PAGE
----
21 August 2008

Biliopancreatic Diversion (BPD) and Bandinaro are more complex procedures for certain patients with specific medical and weight loss requirements.

BPD is a type of gastric bypass to treat severe clinical obesity. Biliopancreatic Diversion combines a certain amount of restriction with a high degree of malabsorption, and was originally designed to reduce the health complications associated with the discontinued jejuno-ileal bypass procedure.

BPD changes the normal process of digestion by making the stomach smaller and allowing food to bypass part of the small intestine so that you absorb fewer calories. You will feel full more quickly than when your stomach was its original size, which reduces the amount of food you eat and thus the calories consumed. Bypassing part of the intestine also means that you will absorb fewer calories. This leads to weight loss.

Although it produces excellent weight loss results, and permits patients to eat a larger amount of food than after most bypass operations, BPD is less common nowadays because BPD patients require long-term nutritional follow-up to prevent post-operative malnutrition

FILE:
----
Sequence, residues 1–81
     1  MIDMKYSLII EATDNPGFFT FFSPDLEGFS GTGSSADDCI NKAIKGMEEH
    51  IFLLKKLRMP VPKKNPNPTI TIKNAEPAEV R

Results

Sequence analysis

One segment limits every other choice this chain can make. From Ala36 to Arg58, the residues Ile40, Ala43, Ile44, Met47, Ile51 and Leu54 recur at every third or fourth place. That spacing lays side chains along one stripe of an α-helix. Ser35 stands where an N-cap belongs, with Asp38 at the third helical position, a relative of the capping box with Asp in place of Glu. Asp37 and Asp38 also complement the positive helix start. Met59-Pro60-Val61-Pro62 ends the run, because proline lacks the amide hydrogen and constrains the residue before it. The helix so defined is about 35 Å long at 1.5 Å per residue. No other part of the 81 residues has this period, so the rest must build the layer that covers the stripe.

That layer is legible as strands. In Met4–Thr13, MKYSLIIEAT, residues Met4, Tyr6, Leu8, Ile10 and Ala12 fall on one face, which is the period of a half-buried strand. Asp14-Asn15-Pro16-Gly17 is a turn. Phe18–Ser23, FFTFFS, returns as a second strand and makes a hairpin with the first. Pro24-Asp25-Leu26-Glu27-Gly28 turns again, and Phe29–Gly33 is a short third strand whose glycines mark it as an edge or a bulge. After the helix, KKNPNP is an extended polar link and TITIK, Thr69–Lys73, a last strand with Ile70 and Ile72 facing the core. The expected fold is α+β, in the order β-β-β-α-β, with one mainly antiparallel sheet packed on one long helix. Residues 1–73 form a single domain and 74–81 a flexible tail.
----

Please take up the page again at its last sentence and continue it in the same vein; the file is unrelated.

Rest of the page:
There are two biliopancreatic diversion surgeries: a biliopancreatic diversion and a biliopancreatic diversion with duodenal switch.
  • In a biliopancreatic diversion, a portion of the stomach is removed. The remaining portion of the stomach is connected to the lower portion of the small intestine.
  • In a biliopancreatic diversion with duodenal switch, a smaller portion of the stomach is removed, but the remaining stomach remains attached to the duodenum (the upper part of the small intestine). The duodenum is connected to the lower part of the small intestine.
These procedures can be done by making a large incision in the abdomen (an open procedure) or by making a small incision and using small instruments and a camera to guide the surgery (laparoscopic approach).


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